As DMs our job is, first and foremost, to make sure the group has fun. If everyone has enjoyed themselves then that session was a success. It doesn’t matter if you made mistakes with some rules, it doesn’t matter if you didn’t get to a certain point in the story, and it doesn’t matter if your villain sounded like Kermit the Frog (which would be amazing, I’m totally stealing that). What matters is everyone had a good time, no one’s feeling got hurt and they’re looking forward to playing again. If you can make that happen it’s a win.

The PCs are the main characters

It’s easy to get so wrapped up in creating a story for the players that we forget the player characters are what’s important to the story. We can come up with complicated political with a devious villain that they need to work to uncover and a plot to kill the King for them to foil. But they may decide in the first session they have no interest in that and head out of town. Don’t railroad them to do what you want them to do because that’s what you want. There are always ways to bring the big story back into focus for them and draw them in.

Letting your players make decisions and having those decisions affect the world around them creates a living, breathing space for them to exist in. Taking away their ability to make choices and go where they want removes the idea that their characters exist in a living world. It’s ok to make sure that the story you want them to be a part of happens, even if it doesn’t happen the way you thought it would, but don’t shove it down their throats. In the end it’s about their characters and their characters adventures.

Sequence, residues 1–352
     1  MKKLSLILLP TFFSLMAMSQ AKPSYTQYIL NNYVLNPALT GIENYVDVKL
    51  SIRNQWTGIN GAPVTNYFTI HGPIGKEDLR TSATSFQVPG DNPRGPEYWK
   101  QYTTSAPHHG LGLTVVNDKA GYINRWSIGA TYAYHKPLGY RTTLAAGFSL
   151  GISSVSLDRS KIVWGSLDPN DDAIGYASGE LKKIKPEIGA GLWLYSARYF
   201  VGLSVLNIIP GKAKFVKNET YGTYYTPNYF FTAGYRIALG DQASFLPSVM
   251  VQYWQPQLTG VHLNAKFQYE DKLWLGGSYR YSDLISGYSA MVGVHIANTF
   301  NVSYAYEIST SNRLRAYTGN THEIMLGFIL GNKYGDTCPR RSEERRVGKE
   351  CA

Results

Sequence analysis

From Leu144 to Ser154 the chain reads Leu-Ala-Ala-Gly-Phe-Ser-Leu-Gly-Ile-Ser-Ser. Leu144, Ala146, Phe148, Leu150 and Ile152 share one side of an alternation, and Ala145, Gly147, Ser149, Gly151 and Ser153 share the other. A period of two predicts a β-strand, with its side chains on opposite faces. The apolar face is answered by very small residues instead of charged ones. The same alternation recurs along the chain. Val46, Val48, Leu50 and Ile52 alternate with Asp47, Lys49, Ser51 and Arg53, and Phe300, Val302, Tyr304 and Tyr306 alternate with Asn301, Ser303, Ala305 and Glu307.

Not every session will be great

Sometimes you won’t be into it. Sometimes a player or two won’t be fully engaged. You know what that’s fine. Don’t beat yourself up if ebery session isn’t the greatest game of D&D ever played. Not every game is going to be epic. The odds are against you. Sometimes it’s be a slog, sometimes it’ll feel slow and ponderous. It just will. And you know what, those aren’t the sessions your group will remember. No one looks back and says “remember that session that sucked? Yeah what a terrible DM” they just don’t. We remember the sessions that were epic, we remember when the gnome rogue landed on the ogre and drove his daggers into his head and used them to drive the ogre like a robot. We don’t look back and think about the boring sessions.

When you have a rough session, or you made a mistake in a ruling, or the session just wasn’t as fun as you hoped don’t worry about it. Next time will be better. Next time you’ll know how to make it more engaging. Don’t doubt yourself after you’ve had a slog. You’re the DM, they need you and they won’t fault you for having a bad game. You’re the one who was brave enough to step up and be the almighty Dungeon Master, you’re entitled to not be awesome all the time.Not even every episode of Dice, Camera, Action or Critical Role is fantastic. So don’t beat yourself up.